Crisp Rosemary Flatbread

If you want to impress your friends with a recipe that really isn’t that hard, please make this recipe. I bet you have all the ingredients on hand right now. The only tricky ingredient is rosemary. Now please don’t go buy some cut rosemary. Spend your money instead on a rosemary plant. Stick it someplace in your yard; it will change your life. It doesn’t need any special care, and you’ll find you use it all the time! Anyway, this flatbread is like a cracker, but it’s a whole different sport than what you get at the store. It’s so yummy. You can use it for a dip, but trust me that it’s delicious on its own. Roll it out super thin if you want it really crisp; but a little thicker gives it a great, chewy/crisp texture that’s awesome too. This recipe was in Gourmet in 2008.

1 3/4 cups unbleached all-purpose flour
1 tablespoon chopped rosemary plus 2 (6-inch) sprigs
1 teaspoon baking powder
3/4 teaspoon salt
1/2 cup water
1/3 cup olive oil plus more for brushing
Flaky sea salt such as Maldon

Preheat oven to 450°F with a heavy baking sheet on rack in middle.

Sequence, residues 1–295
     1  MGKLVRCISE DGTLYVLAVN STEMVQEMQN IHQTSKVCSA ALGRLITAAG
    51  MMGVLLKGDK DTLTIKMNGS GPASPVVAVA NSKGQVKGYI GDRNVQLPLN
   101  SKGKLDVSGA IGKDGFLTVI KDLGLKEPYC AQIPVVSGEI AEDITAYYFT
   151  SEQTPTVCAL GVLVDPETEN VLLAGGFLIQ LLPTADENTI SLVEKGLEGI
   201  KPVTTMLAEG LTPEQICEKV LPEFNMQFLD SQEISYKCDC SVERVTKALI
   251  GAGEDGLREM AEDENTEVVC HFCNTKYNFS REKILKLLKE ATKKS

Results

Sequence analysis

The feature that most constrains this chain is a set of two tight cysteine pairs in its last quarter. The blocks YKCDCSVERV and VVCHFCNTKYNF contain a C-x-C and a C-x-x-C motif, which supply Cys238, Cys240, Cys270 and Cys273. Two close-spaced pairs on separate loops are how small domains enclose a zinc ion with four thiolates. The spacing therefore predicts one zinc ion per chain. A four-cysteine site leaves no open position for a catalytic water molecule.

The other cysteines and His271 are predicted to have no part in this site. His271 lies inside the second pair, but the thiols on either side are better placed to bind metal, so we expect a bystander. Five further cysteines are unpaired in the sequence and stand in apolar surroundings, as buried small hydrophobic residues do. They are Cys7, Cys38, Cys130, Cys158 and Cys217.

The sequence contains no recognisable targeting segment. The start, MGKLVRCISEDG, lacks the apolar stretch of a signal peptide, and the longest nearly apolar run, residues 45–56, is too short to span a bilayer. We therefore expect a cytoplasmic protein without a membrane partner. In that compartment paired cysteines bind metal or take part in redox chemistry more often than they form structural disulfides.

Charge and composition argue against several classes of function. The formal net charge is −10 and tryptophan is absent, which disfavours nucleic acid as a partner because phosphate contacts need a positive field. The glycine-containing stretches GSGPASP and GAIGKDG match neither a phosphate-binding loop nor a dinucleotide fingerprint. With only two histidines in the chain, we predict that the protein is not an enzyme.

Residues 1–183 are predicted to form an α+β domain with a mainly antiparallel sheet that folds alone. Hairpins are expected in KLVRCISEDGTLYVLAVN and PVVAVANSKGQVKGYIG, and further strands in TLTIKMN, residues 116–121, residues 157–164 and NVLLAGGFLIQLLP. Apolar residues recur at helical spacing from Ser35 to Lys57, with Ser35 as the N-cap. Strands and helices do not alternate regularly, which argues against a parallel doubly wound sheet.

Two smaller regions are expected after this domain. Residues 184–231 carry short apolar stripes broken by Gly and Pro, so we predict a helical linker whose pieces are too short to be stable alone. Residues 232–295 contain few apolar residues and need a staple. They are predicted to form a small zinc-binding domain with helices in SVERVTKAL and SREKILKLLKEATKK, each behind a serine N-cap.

Stir together flour, chopped rosemary, baking powder, and salt in a medium bowl. Make a well in center, then add water and oil and gradually stir into flour with a wooden spoon until a dough forms. Knead dough gently on a work surface 4 or 5 times.

Divide dough into 3 pieces and roll out 1 piece (keep remaining pieces covered with plastic wrap) on a sheet of parchment paper into a 10-inch round (shape can be rustic; dough should be thin).

Lightly brush top with additional oil and scatter small clusters of rosemary leaves on top, pressing in slightly. Sprinkle with sea salt. Slide round (still on parchment) onto preheated baking sheet and bake until pale golden and browned in spots, 8 to 10 minutes. Transfer flatbread (discard parchment) to a rack to cool, then make 2 more rounds (1 at a time) on fresh parchment (do not oil or salt until just before baking). Break into pieces.

Flatbread can be made 2 days ahead and cooled completely, then kept in an airtight container at room temperature.

What do you think?